Draft Local Government (Organisation and Standards) Bill Appendices to the Minutes of Evidence - First Report


Memorandum by South Somerset District Council

  1.  I have been asked by my Council to submit written evidence to you on their behalf in respect of the effect on decentralised decision-making of the Bill's proposal for an executive/scrutiny split. The evidence will also refer to the allocation of duties between executives and councils.

  2.  Our particular concerns relate to the future of our structure of generic area committees and of the Joint Partnership Committee which we have formed with Somerset County Council.


  3.  Since 1991 South Somerset District Council has had four area committees, each comprising all the members elected to represent wards within the area. They are supported by decentralised budgets and area staff teams based in area offices, and make decisions on behalf of local people. In the White Paper "In Touch with the People", such approaches were supported because they bring government closer to the people, not only through their geographic dimension but also through their mutli-purpose functions. Ours is one of a growing number of authorities delivering local government in this way.

  4.  Our experience of decentralised structures has shown us that there are real benefits to be gained in terms of efficiency, transparency, accountability and trust. Local ownership has led to greater public interest and involvement in the committees' activities and better opportunities to identify and meet local priorities. We have found that, in comparison with the traditional committee structure we had before 1991, we are now providing stronger leadership for local communities, a more powerful representative role for all councillors and higher standards throughout the Council.

  5.  The area structure has strengthened our links with Parish and Town Councils, of which we have more than 100 in South Somerset, and we have been able to delegate to them many of our powers relating to planning applications, registration and licensing and to provide a more local focus to meet their needs.

  6.  Although supporting the principles of the Bill (underscored in the LGA Response, paragraph 8), we are concerned that the effect of the executive/scrutiny split will mean that the decision-making powers of area committees will be severely limited. Furthermore, it seems likely that the members would have to relinquish attendance at the all-important area committees in order to sit on a scrutiny committee, to the detriment of their opportunity to represent their electors through the area structure.

  7.  Immediately after the May 1999 elections our district, in common with many others, adopted the "cabinet and leader" model of working, with the four area committees relinquishing to the Council (and a district executive) those decisions which impact on more than one area or which depart from agreed policies. Six non-decision-making strategy groups generate and develop council-wide strategies. Each member sits on the Council, an area committee and one of the strategy groups.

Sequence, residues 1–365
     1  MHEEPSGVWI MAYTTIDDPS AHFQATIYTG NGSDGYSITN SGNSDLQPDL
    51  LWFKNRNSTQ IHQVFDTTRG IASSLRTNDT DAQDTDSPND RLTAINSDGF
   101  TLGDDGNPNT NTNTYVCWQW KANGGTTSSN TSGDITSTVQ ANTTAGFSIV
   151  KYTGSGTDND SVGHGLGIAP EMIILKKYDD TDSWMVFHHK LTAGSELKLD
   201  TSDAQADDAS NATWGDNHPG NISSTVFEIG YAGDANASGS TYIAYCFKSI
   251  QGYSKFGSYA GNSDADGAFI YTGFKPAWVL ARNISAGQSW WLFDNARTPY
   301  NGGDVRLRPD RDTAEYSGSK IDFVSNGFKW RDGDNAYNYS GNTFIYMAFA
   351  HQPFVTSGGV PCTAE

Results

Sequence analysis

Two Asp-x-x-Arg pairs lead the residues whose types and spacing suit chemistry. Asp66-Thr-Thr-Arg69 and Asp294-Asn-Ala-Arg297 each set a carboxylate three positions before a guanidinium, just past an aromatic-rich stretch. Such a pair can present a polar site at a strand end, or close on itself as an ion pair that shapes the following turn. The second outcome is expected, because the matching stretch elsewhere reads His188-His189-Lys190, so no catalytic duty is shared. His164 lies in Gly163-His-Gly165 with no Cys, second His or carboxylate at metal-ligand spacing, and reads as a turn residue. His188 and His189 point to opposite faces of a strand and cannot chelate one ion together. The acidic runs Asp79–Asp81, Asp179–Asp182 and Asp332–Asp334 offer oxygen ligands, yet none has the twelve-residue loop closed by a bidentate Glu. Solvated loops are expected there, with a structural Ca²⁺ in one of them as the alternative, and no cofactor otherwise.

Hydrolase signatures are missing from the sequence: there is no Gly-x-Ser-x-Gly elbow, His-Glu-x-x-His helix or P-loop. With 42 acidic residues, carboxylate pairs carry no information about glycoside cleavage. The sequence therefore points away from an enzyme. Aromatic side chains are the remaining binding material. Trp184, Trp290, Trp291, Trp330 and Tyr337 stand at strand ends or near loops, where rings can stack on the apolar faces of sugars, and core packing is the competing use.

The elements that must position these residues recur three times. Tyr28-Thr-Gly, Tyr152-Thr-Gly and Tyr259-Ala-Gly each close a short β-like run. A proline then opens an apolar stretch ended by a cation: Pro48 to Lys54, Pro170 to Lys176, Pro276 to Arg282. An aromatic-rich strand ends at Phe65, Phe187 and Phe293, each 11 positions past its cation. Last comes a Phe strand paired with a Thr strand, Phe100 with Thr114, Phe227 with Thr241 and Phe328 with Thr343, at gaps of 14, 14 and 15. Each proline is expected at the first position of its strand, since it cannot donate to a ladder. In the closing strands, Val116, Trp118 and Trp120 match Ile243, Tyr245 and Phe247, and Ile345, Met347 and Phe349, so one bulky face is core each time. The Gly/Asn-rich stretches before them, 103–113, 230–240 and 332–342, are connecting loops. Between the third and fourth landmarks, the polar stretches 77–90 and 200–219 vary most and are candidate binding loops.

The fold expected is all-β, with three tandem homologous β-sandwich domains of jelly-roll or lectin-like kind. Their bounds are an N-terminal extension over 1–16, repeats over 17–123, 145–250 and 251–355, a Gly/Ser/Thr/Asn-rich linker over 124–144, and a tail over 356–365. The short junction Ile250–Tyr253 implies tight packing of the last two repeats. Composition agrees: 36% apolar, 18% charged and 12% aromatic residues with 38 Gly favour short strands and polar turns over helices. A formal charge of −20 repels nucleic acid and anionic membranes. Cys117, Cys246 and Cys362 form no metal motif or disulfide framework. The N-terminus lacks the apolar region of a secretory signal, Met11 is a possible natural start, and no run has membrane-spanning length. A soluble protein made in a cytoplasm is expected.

8.  Surveys have revealed frequent public confusion about which tier of local government is responsible for which services. In an attempt to bridge that gap, South Somerset District Council and Somerset County Council set up a Joint Partnership Committee in Autumn 1998. Early indications are that the committee is improving the links between the two authorities to the benefit of the people they serve. The Committee, comprising eight members of each authority, has a community focus and co-ordinates work on the Crime and Disorder Strategy, a joint community plan, best value strategy and other significant initiatives. In due course, it is hoped that the committee will have a budget and decision-making powers.

  9.  Our concern is that the development of the Partnership Committee will be constrained if the executive function has to be split from the scrutiny role.


  10.  Members of the Committee would be very welcome to visit one of our area committees or the Joint Partnership Committee to see for themselves how the principles of the Bill can be delivered in practice by structures other than the three models prescribed. Yeovil is only 100 miles west of London.

  11.  Other witnesses (ie Professor John Stewart and Professor Gerry Stoker) are aware of our area structure and may have referred to it in their evidence on 24 June. I shall be happy to add to this in oral evidence if the Committee feels it to be appropriate.

28 June 1999

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Prepared 11 August 1999